Tag Archives: Comicraft

The Comicraft Font Sale

Happy New Year to all. Take some time to make a list of every good, healthy, positive, and/or admirable thing you did today. And then take some time to reflect on the fact that you’ve maintained an unbroken streak of doing all of those things every day all year so far. Good for you!

I’ve posted to my blog every day this year!

I’ve taken and posted a photo every day!

I’ve washed a dish!

But I haven’t shaved yet. I’ve given it some thought and concluded that doing so would set up some unreasonable expectations for Wednesday.

Today is Comicraft’s annual New Year’s Day Font Sale. It’s not accurately named. As usual, they cut the price of each of their fonts down (to $20.19) early last night, and if they keep to form, the sale will continue well into January 2.

That doesn’t mean you should dilly-dally! If you put it off and miss it, that’ll be a damned shame for you and for anybody who sees your presentations or labels or business cards or your passive-aggressive signs in the office common breakroom about “the right way” to put the carafe back on the coffee maker.

Tips:

  • Check to see if the font you’re about to buy has both upper- and lower-case letters. Some are upper-case only. They’re still fab, but the font might not suit your purpose.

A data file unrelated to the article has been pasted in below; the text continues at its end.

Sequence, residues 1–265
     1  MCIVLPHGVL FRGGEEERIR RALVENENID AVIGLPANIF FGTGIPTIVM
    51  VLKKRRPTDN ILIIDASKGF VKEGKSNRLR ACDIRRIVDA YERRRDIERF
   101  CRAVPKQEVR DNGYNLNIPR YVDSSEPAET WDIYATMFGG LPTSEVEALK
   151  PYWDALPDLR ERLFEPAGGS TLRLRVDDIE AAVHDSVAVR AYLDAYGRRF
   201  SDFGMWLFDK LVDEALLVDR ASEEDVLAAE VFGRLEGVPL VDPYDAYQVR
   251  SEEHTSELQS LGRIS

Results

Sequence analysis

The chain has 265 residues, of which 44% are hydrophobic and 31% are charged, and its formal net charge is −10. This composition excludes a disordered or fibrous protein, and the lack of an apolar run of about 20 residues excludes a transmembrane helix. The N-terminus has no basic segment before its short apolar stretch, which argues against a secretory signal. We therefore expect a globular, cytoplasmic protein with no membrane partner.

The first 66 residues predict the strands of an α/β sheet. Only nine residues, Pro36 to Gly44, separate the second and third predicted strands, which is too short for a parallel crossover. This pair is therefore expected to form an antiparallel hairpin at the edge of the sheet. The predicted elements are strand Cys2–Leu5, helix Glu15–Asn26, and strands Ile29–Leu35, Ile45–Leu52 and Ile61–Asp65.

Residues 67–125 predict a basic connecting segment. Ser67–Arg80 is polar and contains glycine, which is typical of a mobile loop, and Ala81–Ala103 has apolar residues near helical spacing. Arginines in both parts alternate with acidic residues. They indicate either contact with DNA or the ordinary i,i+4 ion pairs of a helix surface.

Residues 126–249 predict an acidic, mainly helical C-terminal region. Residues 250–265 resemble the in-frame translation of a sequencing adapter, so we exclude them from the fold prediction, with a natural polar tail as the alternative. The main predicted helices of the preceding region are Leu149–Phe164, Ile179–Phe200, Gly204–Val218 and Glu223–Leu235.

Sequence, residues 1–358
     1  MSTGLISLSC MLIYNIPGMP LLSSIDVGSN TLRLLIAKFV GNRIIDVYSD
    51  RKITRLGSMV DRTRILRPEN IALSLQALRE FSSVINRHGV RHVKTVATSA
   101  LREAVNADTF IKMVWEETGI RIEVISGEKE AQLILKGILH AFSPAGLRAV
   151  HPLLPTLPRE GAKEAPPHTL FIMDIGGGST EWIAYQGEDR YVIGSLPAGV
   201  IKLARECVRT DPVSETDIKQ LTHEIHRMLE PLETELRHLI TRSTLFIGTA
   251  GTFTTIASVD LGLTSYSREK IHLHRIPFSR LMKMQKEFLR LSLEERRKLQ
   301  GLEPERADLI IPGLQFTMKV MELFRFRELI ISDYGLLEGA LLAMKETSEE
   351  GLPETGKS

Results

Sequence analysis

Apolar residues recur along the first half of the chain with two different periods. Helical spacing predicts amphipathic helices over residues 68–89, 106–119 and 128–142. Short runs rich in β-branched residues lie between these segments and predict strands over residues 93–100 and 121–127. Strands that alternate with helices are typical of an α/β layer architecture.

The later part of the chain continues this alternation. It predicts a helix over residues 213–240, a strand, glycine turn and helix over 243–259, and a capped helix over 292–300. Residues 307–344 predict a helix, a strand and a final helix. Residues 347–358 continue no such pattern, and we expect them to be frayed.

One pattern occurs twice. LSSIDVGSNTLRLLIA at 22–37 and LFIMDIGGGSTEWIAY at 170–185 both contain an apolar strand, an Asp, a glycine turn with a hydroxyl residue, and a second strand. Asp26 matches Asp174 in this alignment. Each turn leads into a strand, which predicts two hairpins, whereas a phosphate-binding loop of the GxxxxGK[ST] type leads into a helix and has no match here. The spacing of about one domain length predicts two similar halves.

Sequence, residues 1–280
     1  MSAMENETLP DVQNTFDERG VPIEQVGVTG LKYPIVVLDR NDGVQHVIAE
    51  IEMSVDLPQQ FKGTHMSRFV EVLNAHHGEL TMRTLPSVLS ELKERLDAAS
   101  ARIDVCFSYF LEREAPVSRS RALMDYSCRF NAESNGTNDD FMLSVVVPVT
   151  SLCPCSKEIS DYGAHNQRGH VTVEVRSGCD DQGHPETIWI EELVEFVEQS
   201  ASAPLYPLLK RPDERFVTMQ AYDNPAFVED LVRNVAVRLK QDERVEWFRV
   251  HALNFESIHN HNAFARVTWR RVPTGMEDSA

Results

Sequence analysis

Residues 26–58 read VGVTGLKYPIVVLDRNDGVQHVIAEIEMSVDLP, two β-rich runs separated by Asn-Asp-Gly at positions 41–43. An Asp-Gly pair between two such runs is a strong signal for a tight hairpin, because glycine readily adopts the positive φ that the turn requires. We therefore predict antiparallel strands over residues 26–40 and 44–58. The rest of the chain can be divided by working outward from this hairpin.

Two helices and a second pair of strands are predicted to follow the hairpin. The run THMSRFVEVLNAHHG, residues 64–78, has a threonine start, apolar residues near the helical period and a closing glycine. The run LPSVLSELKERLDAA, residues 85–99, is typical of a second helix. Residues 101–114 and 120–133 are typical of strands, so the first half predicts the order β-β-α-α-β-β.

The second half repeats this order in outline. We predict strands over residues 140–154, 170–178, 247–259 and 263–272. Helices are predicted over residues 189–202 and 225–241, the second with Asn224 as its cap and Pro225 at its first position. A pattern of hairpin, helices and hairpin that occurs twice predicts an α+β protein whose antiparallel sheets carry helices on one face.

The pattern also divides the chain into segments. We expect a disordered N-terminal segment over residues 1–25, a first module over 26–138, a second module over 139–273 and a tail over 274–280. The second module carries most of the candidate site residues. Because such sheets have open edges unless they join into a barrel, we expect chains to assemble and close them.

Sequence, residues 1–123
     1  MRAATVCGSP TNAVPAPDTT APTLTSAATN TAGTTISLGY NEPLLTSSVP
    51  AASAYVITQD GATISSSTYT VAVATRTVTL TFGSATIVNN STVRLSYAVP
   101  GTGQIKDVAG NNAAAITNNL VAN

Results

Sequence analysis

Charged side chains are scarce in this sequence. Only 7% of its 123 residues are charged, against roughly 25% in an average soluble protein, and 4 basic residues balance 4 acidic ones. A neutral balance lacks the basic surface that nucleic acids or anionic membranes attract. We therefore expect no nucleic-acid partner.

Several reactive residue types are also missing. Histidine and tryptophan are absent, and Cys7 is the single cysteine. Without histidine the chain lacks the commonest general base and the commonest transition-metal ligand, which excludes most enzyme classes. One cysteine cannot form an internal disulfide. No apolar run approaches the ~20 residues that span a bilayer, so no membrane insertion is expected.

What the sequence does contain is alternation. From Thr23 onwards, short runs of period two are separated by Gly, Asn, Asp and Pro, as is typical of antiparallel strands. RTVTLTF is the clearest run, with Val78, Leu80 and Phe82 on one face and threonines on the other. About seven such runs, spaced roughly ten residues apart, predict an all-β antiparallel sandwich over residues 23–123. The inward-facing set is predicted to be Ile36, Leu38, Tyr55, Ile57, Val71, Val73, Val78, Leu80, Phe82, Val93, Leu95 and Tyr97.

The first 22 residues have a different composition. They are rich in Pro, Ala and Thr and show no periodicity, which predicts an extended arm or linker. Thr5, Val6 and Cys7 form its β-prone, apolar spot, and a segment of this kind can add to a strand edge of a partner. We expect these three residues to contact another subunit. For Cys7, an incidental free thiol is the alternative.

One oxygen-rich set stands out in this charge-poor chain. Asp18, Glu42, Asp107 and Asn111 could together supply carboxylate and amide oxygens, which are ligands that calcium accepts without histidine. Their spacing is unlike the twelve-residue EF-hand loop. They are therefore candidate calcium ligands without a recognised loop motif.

• Also check to see if a font comes in several thicknesses and not just Bold and Italic. These are hugely useful, particularly when you combine several thicknesses on one page.
  • Each of these fonts is the same price. You might as well buy the “International” version (with bonus characters & symbols), which usually costs ten bucks more.
  • Don’t use the “guest” mode when checking out and paying. If you create an account, you can re-download any of your purchases at any time. Last night I looked for Comicraft fonts that were missing from my MacBook and retrieved ones that I’d bought almost ten years ago.

Which fonts should you start with?

Beats me. I mean, why are you buying these things? The Comicraft sale pays off most bigly when you’ve identified a specific need. I bought one or two this year with a website redesign and a new business card in mind, for instance.

If this is your first crack at a font catalogue — specifically this one — some broad categories might help you find useful stuff:

  • Comicraft made its reputation on its professional handlettered-style comic book fonts. It seems a shame not to add one to your library. Comicrazy is my favorite, but they’ve got loads of styles and each one has its unique strength. Monologous emulates the lettering of classic comics from the Sixties through the Eighties. And yes, I’ve spent way more time writing new and frequently inappropriate dialogue for old Fantastic Four comics than I care to admit.
  • Get a font explicitly for making signs. Sign Language is an obvious pick. Dash Decent is one of the all-stars in my Fonts menu. It’s my go-to when I need a sign for a bulletin board or a label for a utility drawer.
  • Get a font for that kind of lettering that just plain can’t be faked. When you want dramatic, swoopy letters, you need either Spills or you need to come up with another idea. Invitations for a Harry Potter, Lord Of The Rings or Game Of Thrones-themed party require Spellcaster. And: your heart was in the right place when you used Helvetica Bold for the sound effect overlays in your kid’s hockey team’s season-recap video, but it looked totally lame. For Batman-style text, go straight to Biff Bam Boom.